Tessa Williams // Brooklyn Collective, Working with Artisans and How to Succeed in Retail

 

LOCATION:212 Columbia sT. // HOURS: thURS.-SAT. 12 - 7 PM, SUNDAY 12-6 PM

 

Tell us about your creative background.

I lived in New Orleans right out of high school and to make money I made drag queen and stripper costumes. I was also in a band and when we landed in San Diego I pursued a formal degree in fashion at FCC College. I studied in Paris for my final semester and then moved to NYC where I worked for Diane von Furstenberg, J Crew and Champion.

 

What prompted you to open Brooklyn Collective in 2004?

Brooklyn Collective (BC) was born out of the need to sell. I was making one-of-a-kind clothing, and my friend was making jewelry, and we couldn’t find shops that would buy our more creative pieces. There wasn’t a lot happening in the neighborhood, at the time, so we were able to find an inexpensive storefront to set up shop. We recruited other designers, formed a collective, featured their work, and split the rent costs.

 

So, how does the collective work now?

Artists go through a submission process and once they’re accepted they sign an initial 3-month contract with a monthly fee, which they can renew for as long as they want. If an artist sells a piece they receive 90% of the proceeds and the remaining 10% covers store administration fees. I allow artists to renew as long as they’d like and some have “stuck around” for over 10 years! I refer to them as “the lifers”. BC is great in the sense that it’s become a testing market for many artisans. Some of their work might be overlooked at Renegade or Brooklyn Flea but in this boutique environment they often sell more of their unique pieces.

 

Who is your average customer?

She’s a local workingwoman in her 30’s but I have such a mix. There are teenagers who save their money and shop and then I have an amazing 80-year-old musician who comes in once a month and buys herself something fabulous! I offer products with various price points so that everyone can afford something. Category wise customers generally gravitate towards jewelry or home goods.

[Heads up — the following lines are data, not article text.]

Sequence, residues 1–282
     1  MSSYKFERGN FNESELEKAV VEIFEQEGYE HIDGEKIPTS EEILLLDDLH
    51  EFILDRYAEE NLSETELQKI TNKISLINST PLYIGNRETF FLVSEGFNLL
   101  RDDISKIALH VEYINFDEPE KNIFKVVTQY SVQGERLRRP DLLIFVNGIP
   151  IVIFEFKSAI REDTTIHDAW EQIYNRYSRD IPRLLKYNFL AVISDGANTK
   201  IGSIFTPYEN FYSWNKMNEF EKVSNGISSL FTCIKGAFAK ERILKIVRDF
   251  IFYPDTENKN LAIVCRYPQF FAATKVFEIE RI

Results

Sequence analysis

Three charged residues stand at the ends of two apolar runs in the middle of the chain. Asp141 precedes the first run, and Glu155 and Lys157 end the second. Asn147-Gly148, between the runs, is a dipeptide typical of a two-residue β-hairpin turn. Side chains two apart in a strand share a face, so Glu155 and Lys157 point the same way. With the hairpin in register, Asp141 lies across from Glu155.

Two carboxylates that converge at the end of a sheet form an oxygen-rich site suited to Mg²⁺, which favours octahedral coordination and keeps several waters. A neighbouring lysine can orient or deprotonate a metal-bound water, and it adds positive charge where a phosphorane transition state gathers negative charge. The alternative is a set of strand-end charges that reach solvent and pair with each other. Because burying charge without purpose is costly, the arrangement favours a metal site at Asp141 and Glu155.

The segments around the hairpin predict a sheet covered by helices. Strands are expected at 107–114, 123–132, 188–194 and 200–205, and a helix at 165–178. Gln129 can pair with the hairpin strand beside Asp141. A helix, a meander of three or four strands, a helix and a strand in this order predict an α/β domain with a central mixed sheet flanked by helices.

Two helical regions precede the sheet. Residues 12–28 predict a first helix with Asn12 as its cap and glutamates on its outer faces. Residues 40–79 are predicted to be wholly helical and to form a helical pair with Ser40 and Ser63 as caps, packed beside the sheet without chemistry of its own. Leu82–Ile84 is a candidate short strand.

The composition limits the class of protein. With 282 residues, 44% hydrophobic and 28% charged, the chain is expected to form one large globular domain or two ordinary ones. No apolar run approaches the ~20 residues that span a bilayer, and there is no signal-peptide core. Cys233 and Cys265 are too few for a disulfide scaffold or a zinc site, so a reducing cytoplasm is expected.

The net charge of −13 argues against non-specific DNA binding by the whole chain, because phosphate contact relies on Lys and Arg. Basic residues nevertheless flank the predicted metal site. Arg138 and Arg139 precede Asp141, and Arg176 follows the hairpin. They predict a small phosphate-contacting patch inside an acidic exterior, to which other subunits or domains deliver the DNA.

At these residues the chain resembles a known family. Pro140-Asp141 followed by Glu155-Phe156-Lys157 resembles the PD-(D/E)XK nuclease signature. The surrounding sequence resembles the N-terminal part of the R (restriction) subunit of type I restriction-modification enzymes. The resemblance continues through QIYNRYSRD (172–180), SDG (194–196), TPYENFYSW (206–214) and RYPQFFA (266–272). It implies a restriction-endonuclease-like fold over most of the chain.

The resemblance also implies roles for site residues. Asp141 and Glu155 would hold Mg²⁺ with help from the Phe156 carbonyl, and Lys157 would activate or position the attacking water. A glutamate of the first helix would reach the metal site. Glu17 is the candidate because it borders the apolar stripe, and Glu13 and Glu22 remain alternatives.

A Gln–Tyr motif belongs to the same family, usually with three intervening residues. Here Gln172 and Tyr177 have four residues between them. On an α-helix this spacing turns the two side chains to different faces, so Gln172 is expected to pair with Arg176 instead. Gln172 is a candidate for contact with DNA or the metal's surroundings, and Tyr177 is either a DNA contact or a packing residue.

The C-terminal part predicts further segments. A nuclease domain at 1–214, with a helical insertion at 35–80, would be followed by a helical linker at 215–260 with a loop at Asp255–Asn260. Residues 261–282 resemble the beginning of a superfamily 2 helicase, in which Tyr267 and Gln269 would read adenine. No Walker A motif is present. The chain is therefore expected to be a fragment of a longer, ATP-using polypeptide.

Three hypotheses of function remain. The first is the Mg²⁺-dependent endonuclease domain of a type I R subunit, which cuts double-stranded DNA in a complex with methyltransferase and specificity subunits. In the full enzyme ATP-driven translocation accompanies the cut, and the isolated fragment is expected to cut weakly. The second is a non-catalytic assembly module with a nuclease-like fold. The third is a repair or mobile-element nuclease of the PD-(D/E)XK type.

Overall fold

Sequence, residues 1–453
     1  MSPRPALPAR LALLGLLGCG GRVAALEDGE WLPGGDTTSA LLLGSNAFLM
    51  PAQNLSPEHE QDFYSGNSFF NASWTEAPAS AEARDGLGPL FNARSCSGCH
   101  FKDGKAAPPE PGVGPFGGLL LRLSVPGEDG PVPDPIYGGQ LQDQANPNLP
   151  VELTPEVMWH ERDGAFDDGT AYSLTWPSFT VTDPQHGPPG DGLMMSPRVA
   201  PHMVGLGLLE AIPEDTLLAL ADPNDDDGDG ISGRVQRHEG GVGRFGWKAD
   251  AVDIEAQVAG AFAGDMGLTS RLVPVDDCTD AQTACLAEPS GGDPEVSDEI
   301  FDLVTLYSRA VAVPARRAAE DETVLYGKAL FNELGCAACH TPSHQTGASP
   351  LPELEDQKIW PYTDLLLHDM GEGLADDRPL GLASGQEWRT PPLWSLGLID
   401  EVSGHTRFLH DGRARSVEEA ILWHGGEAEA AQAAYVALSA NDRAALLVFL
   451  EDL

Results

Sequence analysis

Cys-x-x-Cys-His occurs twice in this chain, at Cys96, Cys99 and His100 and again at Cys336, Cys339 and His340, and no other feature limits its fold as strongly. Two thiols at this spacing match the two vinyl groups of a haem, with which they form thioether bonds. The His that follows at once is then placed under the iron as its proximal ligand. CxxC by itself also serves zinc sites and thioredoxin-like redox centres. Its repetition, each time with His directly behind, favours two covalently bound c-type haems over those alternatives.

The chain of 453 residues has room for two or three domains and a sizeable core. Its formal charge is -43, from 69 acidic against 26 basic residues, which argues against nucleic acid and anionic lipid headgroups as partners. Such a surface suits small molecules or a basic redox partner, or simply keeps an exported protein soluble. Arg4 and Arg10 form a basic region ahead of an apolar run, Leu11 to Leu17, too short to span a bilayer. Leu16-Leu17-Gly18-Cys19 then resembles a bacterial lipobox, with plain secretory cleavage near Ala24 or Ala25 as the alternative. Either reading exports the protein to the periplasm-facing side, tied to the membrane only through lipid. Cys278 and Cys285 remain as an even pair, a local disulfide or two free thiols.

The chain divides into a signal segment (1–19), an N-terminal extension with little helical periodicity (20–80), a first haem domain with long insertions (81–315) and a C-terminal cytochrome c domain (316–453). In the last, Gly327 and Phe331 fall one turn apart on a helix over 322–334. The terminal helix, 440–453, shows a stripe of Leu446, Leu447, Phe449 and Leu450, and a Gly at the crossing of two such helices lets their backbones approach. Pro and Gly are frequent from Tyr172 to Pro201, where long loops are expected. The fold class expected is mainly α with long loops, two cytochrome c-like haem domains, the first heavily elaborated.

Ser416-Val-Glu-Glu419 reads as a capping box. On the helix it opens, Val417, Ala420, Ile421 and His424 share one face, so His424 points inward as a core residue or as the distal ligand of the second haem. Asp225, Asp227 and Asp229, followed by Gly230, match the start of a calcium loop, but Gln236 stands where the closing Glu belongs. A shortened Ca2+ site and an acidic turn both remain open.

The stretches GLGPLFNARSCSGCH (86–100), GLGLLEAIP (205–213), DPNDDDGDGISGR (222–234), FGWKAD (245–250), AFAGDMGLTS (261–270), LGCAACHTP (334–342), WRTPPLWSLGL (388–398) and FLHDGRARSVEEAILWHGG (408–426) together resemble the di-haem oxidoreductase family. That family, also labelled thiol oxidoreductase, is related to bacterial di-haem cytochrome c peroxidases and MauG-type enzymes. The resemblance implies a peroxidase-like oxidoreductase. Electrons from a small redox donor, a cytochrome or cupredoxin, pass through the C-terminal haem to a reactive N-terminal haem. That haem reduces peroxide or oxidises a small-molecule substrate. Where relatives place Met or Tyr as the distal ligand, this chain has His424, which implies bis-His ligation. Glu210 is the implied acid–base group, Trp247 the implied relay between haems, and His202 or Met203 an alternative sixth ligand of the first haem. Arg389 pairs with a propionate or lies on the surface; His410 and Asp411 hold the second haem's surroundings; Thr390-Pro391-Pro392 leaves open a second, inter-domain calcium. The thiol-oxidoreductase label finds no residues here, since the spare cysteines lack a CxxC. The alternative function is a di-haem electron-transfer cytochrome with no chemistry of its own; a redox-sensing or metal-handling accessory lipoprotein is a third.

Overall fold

How do you find designers? Do they reach out to you?

I enjoy going to local craft shows in search of new artisans though it can be difficult nowadays because I usually have to bring my 3-year-old son! What I look for in a designer, whether I find them or they contact me, is someone who produces quality pieces, understands the store’s vision, and appreciates our maker community.

 

Do you have any tips that you would share with someone interested in opening a retail space?

1.     Make sure you offer something, could be a physical product or an emotional connection, to set you apart from your competition.

2.     Find ways to stay relevant in order to gain returning customers and artisans. With the rise of social media, easy to make websites like Squarespace and Weebly, and craft fairs, artists have become great at promoting their own work, which decreases the need to sell via a retail shop. So be open to their feedback.

3.     Be social, honest, organized and build relationships with customers, clients, designers and neighbors. You’re going to need their help!

4.     Lastly, if you have extra space, consider turning it into a studio or offering classes. When it is slow in retail you’ll have to find innovative ways to generate income.

 

You have a lot of space. Do you plan on offering classes?

Yes! We’re going to add two big worktables that will be able to accommodate 10-12 students starting in September. There will be sewing and pattern making and silversmithing to start. Eventually, I’ll offer more specialty classes, to reflect the store’s eclectic products, like how to crochet a mermaid. Stay tuned!

 

What’s one of the best parts of working at BC?

Every couple of months we have a large promotional event where we do an open bar, live music, and invite all the artists and customers to the store. Customers love to learn about the artist process behind what we sell. I’ve had customers nerd out and go up to the makers and say “I’ve bought so many pieces from you!” or “I’m wearing all your stuff!” On the other hand, artisans get new ideas for products and are surrounded by positive feedback. For me, it’s been great to recognize local artisans. 

 

This interview has been edited for length and clarity.